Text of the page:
US5252459A - Indicator reagents, diagnostic assays and test kits employing organic polymer latex particles - Google Patents

Indicator reagents, diagnostic assays and test kits employing organic polymer latex particles Download PDF

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Publication number
US5252459A
US5252459A US07/248,858 US24885888A US5252459A US 5252459 A US5252459 A US 5252459A US 24885888 A US24885888 A US 24885888A US 5252459 A US5252459 A US 5252459A
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United States
Prior art keywords
poly
indicator reagent
polymer latex
organic polymer
specific binding
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Expired - Fee Related
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US07/248,858
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Peter J. Tarcha
James J. Donovan
Martin Wong
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Abbott Laboratories
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Abbott Laboratories
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Assigned to ABBOTT LABORATORIES reassignment ABBOTT LABORATORIES ASSIGNMENT OF ASSIGNORS INTEREST (SEE DOCUMENT FOR DETAILS). Assignors: DONOVAN, JAMES J., TARCHA, PETER J., WONG, MARTIN
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    • GPHYSICS
    • G01MEASURING; TESTING
    • G01NINVESTIGATING OR ANALYSING MATERIALS BY DETERMINING THEIR CHEMICAL OR PHYSICAL PROPERTIES
    • G01N33/00Investigating or analysing materials by specific methods not covered by groups G01N1/00 - G01N31/00
    • G01N33/48Biological material, e.g. blood, urine; Haemocytometers
    • G01N33/50Chemical analysis of biological material, e.g. blood, urine; Testing involving biospecific ligand binding methods; Immunological testing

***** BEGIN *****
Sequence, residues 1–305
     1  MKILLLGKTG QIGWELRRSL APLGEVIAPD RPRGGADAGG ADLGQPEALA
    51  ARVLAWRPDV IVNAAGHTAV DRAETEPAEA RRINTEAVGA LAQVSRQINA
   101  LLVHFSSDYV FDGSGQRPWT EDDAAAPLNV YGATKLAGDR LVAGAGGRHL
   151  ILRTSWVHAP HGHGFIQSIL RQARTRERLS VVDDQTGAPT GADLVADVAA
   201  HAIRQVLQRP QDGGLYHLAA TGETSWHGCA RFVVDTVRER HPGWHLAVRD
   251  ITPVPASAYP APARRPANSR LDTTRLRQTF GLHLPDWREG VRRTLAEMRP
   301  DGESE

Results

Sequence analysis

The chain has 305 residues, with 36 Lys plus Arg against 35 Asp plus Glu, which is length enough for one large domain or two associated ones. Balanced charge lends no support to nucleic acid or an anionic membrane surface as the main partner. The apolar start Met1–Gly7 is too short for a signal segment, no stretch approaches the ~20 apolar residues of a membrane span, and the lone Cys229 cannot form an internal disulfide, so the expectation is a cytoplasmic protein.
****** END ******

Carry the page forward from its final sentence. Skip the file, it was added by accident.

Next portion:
• G01N33/58Chemical analysis of biological material, e.g. blood, urine; Testing involving biospecific ligand binding methods; Immunological testing involving labelled substances
    • G01N33/585Chemical analysis of biological material, e.g. blood, urine; Testing involving biospecific ligand binding methods; Immunological testing involving labelled substances with a particulate label, e.g. coloured latex
    • YGENERAL TAGGING OF NEW TECHNOLOGICAL DEVELOPMENTS; GENERAL TAGGING OF CROSS-SECTIONAL TECHNOLOGIES SPANNING OVER SEVERAL SECTIONS OF THE IPC; TECHNICAL SUBJECTS COVERED BY FORMER USPC CROSS-REFERENCE ART COLLECTIONS [XRACs] AND DIGESTS
    • Y10TECHNICAL SUBJECTS COVERED BY FORMER USPC
    • Y10STECHNICAL SUBJECTS COVERED BY FORMER USPC CROSS-REFERENCE ART COLLECTIONS [XRACs] AND DIGESTS
    • Y10S435/00Chemistry: molecular biology and microbiology
    • Y10S435/975Kit
    • YGENERAL TAGGING OF NEW TECHNOLOGICAL DEVELOPMENTS; GENERAL TAGGING OF CROSS-SECTIONAL TECHNOLOGIES SPANNING OVER SEVERAL SECTIONS OF THE IPC; TECHNICAL SUBJECTS COVERED BY FORMER USPC CROSS-REFERENCE ART COLLECTIONS [XRACs] AND DIGESTS
    • Y10TECHNICAL SUBJECTS COVERED BY FORMER USPC
    • Y10STECHNICAL SUBJECTS COVERED BY FORMER USPC CROSS-REFERENCE ART COLLECTIONS [XRACs] AND DIGESTS
    • Y10S436/00Chemistry: analytical and immunological testing
    • Y10S436/807Apparatus included in process claim, e.g. physical support structures
    • Y10S436/808Automated or kit

Abstract